His populist rhetoric may have driven him to the presidency, but Mr Bolsonaro is a deeply divisive figure whose racist, homophobic and misogynistic remarks have angered many in the country. Indeed, he has faced charges of inciting rape and for hate crimes in the past.
A fan of US president Donald Trump, the 63-year-old longtime congressman rose from a ridiculed figure to power on an anti-corruption and pro-gun agenda. He has energised conservatives and far-right supporters after four consecutive presidential election wins by the left-leaning Workers’ Party.
“I will work tirelessly so that Brazil reaches its destiny,” Mr Bolsonaro said.
The US was represented by vice president Mike Pence, with Mr Bolsonaro making clear that he wants to work closely with Mr Trump’s administration. He has already followed Mr Trump by pledging to move Brazil’s embassy in Israel from Tel Aviv to Jerusalem, and Brazil has also withdrawn an offer to host UN climate talks later this year.
Indeed, Israel’s prime minister Benjamin Netanyahu was one of a number of nationalist leaders, including Hungarian prime minister Viktor Orban, to attend the ceremony.
As for Mr Trump, he tweeted his congratulations to Mr Bolsonaro and said the US stood with him.
Like the US president, Mr Bolsonaro has left environmentalists concerned by plans to build hydroelectric dams in the Amazon and open up to mining the reservations of indigenous peoples.
Leftist presidents Nicolas Maduro of Venezuela, Daniel Ortega of Nicaragua and Miguel Diaz-Canel of Cuba, all deemed dictators by Mr Bolsonaro, were uninvited by his team after the foreign ministry sent them invitations. Mr Trump’s national security adviser John Bolton has also called the three nations a “troika of tyranny”.
Mr Bolsonaro is likely to block any moves to legalise abortion beyond the current limited exceptions and remove sex education from public schools. Backed by conservatives and evangelicals he is against what he calls “cultural Marxism” introduced by recent left-leaning governments.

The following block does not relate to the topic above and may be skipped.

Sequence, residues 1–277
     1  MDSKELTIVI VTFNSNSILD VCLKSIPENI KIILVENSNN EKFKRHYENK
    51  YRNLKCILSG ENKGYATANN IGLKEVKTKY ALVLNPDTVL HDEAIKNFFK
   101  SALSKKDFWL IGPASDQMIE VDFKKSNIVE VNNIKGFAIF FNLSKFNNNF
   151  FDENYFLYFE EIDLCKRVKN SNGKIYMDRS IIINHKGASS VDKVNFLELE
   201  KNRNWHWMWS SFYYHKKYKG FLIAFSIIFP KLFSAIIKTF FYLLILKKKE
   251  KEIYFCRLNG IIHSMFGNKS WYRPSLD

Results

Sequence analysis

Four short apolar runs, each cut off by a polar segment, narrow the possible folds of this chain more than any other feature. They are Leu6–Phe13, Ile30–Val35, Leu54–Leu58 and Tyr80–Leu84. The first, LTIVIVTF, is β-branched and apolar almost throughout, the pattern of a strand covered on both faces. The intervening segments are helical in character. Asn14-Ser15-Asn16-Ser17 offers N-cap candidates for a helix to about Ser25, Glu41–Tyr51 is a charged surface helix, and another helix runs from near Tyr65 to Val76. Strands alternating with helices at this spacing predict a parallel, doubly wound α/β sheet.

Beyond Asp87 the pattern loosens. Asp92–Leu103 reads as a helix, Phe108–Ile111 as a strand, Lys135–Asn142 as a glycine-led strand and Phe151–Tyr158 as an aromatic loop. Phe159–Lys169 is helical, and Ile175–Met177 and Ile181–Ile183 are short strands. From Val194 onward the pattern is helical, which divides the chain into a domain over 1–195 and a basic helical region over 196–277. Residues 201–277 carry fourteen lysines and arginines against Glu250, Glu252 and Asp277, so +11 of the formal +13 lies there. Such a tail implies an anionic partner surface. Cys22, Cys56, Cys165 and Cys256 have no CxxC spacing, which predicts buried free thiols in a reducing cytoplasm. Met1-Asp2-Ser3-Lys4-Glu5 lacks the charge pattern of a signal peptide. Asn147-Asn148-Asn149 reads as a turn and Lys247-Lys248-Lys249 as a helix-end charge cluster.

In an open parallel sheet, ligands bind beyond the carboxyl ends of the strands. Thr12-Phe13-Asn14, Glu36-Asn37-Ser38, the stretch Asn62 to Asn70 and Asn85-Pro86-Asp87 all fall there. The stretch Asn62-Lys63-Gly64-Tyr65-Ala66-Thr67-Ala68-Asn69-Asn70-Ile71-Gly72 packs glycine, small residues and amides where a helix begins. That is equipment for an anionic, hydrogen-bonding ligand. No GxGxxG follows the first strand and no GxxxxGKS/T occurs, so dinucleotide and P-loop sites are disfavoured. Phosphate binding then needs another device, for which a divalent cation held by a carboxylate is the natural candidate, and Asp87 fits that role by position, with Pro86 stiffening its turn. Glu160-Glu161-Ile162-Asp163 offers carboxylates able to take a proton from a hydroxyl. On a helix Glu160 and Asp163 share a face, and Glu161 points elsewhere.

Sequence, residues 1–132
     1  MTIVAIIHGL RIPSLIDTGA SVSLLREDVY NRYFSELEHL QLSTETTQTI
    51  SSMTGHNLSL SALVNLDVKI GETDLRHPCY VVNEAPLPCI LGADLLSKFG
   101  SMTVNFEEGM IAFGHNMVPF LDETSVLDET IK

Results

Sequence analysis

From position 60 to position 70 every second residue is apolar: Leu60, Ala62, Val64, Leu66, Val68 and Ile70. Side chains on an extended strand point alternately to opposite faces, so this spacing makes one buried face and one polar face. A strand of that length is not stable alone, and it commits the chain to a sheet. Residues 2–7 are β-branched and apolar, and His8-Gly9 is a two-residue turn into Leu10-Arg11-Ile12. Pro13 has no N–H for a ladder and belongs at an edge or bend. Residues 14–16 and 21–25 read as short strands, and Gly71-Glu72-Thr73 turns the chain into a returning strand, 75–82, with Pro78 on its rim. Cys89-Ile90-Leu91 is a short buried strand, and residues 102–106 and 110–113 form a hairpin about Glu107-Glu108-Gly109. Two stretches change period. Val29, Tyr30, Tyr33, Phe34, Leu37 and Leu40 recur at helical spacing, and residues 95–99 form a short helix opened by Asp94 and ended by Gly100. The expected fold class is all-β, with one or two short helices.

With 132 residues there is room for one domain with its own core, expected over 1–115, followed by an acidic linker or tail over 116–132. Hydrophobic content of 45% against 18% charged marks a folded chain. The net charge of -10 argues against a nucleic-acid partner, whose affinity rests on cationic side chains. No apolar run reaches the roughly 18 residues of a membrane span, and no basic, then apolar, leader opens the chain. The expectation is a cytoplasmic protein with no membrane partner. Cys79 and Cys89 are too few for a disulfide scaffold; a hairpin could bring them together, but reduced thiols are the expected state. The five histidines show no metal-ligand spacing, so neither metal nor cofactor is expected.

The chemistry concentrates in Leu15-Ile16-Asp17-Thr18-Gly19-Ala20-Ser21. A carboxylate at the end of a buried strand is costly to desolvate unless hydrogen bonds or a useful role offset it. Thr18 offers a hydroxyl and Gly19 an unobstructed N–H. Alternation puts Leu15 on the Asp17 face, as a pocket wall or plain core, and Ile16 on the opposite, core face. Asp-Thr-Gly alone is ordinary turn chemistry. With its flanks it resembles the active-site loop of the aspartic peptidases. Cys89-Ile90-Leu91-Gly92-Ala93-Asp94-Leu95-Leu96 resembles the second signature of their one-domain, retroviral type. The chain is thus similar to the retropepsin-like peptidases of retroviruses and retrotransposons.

Many of Mr Bolsonaro’s critics fear the new administration will mean autocratic rule. Seven of Mr Bolsonaro’s 22 cabinet ministers are former military personnel, more than in any administration during Brazil’s 1964 to 1985 dictatorship.
The day was full of the pomp you might expect, but security was tight with 3,000 police on duty. Mr Bolsonaro travelled from Brasilia Cathedral to Congress in an open-top Rolls Royce escorted by cavalry on white horses and jogging security guards, as the crowds cheered. The increased security came at Mr Bolsonaro’s request after he was stabbed at a campaign rally in September.
“I came here just for the inauguration,” supporter Antonio Vendramin told Agence-France Presse.
“I made a lot of money and saved money to buy the ticket, to be able to buy the plane ticket because it’s a long way to come by car but we managed to make it all the way to be here on this day for President Bolsonaro’s inauguration. We’re full of pride.”
Addressing a joint session of Congress minutes after taking the oath of office Mr Bolsonaro vowed to adhere to democratic norms. “My vow is to strengthen Brazil’s democracy,” he said.
On the economic front, the new leader promised to “create a new virtuous cycle to open markets” and “carry out important structural reforms” to shore up a large public deficit.
The key measure for reducing the deficit will be the overhaul of the country’s costly social security pension system.
However, despite the supporters lining the streets draped in Brazilian flags for his inauguration, Mr Bolsonaro could find it difficult to force through changes given the major overhaul he wants to spearhead. As well as clashing with the political interests of many politicians, Mr Bolsonaro’s Liberal and Social Party will have 52 seats in Brazil’s 513-member lower house, only the second largest bloc behind the Workers’ Party.
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